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Gossip & Rumors: Tyla's Sand Met Gala Gown Was Destroyed

GOSSIP & RUMORS: Tyla’s sand Met Gala gown was destroyed at end of the night

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It took grit to wear a dress made of sand up the Met steps — and a few helping hands.

Tyla’s showstopping Balmain gown made of sand, which required her to be carried step by step toward the museum’s doors on Monday evening, needed some post-carpet tailoring.

The dress’ structured bodice was custom-made for the 22-year-old “Water” singer using a plaster body mold, but the organza train was stylistic collateral after the Grammy winner walked — or rather, was carried up — the Met stairs.

In a video posted to Instagram, Balmain creative director Olivier Rousteing can be seen cutting — with an impressively steady hand — a new hemline for the lavish bustier gown, an ode to the “sands of time,” while other photos also show the back of the dress sliced open.

To fit the dress code “Garden of Time” — a nod to the new exhibition “Sleeping Beauties: Reawakening Fashion” — the custom Met Gala dress was made of three colors of sand and shimmering micro crystals, transforming Tyla into a walking hourglass. The timepiece, ironically, served as her handbag.

When asked how she was planning on sitting for the gala dinner, Tyla replied: “Who cares guys? I’m cute!” Getty Images

It’s not unheard of to be unable to move properly in an avant-garde gala gown, but Tyla’s dress — and Rousteing’s matching top with his profile imposed into the grit — is a new wave of innovation and one with puzzling mechanics.

While it’s unclear just how the South African singer slipped into the gown in the first place, an additional clip posted to Rousteing’s Instagram Story shows Balmain designer Eddy Anemian sanding down the bust of the architectural gown that was skintight on Tyla’s body.

The “Water” singer was all smiles while being hoisted into the air in her sculptural sand dress. Getty Images

When asked on the carpet how she would sit at dinner inside the Met after being carried up the carpet, she replied: “Who cares, guys? I’m cute!”

Rousteing told the Hollywood Reporter that the mold of Tyla’s body was created months ago with the intention of displaying the gown in the museum after the one-time wear.

“What is sleeping beauty? ‘Sleeping Beauty’ for me [means] you can dress once in a lifetime,” he said.

The young musician said she was thinking outside of the (sand)box for her first Met Gala — Balmain’s idea, she told Vogue, “was crazy and I loved it.”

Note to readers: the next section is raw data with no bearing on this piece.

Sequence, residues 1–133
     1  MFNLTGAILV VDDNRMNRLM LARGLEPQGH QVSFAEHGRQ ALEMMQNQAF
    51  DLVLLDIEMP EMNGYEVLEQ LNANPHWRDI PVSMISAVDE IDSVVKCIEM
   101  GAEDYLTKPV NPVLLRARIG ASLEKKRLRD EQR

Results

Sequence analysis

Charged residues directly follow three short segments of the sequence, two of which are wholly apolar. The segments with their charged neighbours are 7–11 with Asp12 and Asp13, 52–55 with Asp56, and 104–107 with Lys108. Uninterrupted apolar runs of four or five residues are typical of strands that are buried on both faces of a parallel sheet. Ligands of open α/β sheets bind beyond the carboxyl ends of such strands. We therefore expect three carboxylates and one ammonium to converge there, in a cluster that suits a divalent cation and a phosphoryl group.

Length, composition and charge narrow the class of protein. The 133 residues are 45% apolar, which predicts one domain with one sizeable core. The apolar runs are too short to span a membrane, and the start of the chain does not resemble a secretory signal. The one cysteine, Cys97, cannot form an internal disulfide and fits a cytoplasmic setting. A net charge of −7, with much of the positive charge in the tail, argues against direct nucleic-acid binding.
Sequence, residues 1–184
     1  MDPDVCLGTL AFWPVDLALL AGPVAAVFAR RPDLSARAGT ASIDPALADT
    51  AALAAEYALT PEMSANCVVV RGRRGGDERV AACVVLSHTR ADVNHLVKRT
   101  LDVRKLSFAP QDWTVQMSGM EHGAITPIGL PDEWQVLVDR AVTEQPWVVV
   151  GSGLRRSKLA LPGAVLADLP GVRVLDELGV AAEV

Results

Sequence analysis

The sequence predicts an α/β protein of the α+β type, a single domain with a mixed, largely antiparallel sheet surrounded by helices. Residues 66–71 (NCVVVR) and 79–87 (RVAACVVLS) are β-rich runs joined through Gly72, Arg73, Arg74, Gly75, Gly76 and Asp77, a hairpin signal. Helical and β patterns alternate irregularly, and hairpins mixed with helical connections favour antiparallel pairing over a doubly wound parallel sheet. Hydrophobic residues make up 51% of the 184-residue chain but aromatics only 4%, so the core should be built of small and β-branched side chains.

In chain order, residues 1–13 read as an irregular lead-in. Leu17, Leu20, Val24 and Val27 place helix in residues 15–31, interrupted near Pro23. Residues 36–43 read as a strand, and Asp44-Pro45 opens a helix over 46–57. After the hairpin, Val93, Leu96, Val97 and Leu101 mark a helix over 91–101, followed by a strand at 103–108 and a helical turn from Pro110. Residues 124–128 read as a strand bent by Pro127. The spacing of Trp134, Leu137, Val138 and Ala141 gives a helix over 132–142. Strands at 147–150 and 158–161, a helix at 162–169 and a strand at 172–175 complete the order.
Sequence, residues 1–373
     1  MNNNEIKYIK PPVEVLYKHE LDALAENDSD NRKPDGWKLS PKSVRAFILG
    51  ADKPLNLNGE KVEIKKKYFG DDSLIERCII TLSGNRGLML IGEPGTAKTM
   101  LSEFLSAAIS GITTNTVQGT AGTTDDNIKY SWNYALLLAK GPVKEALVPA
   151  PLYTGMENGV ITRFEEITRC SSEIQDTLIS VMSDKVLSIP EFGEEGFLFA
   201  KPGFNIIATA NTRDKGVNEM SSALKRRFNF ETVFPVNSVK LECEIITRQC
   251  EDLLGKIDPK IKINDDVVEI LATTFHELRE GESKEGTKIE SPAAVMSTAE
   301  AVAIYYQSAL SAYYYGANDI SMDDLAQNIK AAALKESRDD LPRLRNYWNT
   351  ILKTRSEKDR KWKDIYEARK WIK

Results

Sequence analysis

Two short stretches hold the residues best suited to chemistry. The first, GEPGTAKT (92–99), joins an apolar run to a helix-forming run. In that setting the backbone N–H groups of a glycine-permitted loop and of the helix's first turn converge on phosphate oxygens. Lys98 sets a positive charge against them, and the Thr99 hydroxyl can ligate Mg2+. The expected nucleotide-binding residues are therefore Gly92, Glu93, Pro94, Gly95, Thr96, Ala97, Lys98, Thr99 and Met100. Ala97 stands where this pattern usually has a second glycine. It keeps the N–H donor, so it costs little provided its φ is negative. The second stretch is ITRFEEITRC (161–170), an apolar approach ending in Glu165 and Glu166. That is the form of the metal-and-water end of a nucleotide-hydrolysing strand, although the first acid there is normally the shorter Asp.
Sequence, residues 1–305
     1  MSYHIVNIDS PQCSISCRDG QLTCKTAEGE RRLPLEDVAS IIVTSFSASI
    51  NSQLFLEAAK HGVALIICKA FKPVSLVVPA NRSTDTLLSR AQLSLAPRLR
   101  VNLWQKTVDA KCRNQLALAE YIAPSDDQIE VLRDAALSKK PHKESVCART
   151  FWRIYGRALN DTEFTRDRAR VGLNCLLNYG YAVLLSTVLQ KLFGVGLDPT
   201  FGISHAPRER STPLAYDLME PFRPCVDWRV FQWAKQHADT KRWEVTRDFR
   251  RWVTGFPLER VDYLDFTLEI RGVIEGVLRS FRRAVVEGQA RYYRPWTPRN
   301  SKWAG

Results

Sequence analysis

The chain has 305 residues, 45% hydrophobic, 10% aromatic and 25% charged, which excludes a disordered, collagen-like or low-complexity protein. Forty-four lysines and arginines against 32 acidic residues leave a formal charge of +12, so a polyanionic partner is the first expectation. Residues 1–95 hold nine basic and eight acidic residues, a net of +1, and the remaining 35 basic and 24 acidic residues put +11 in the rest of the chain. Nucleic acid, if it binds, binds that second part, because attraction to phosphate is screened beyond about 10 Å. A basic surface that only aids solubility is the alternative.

Video footage posted to Instagram shows Balmain creative director Olivier Rousteing’s craftsmanship in action, expertly cutting a new hemline for Tyla’s sand gown. LafayetteBlaack/Twitter
The tight gown required some extra tailoring after her carpet appearance, where she needed to be carried up the Met stairs. LafayetteBlaack/Twitter

“The inspiration behind this creation stemmed from a desire to redefine boundaries and transform a transient material into an everlasting masterpiece,” Rousteing, who has helmed Balmain as the creative director for more than a decade, told Vogue. 

“The idea of sculpting a garment from something as ephemeral as sand ignited my imagination, and I could not be happier with the end result.”

Rousteing said he believes “Tyla pushes the boundaries of music in a similar way that I push the boundaries of fashion with Balmain,” so it was a no-brainer to dress the up-and-coming singer.

Post-carpet photos reveal the back of Tyla’s dress also needed to be cut open, presumably so that the Grammy winner could move, sit and eat. Getty Images for The Met Museum/Vogue
Rousteing told the Hollywood Reporter that he intended for the gown to be put into a museum after Tyla’s one-time wear. Getty Images for The Met Museum/Vogue

“I could not think of a better woman to wear this look that I feel is a manifestation of imagination, innovation, and the transformative power of art,” he added.

Not only is the gown a nod to the passage of time, but it also is a technical design feat, similar to those revered in the Costume Institute’s latest installation.

The gallery will display 250-some garments this spring. The “sleeping beauties” in question are archival pieces too fragile to ever be worn again, some brought to life using 3D printing and new-age tech.

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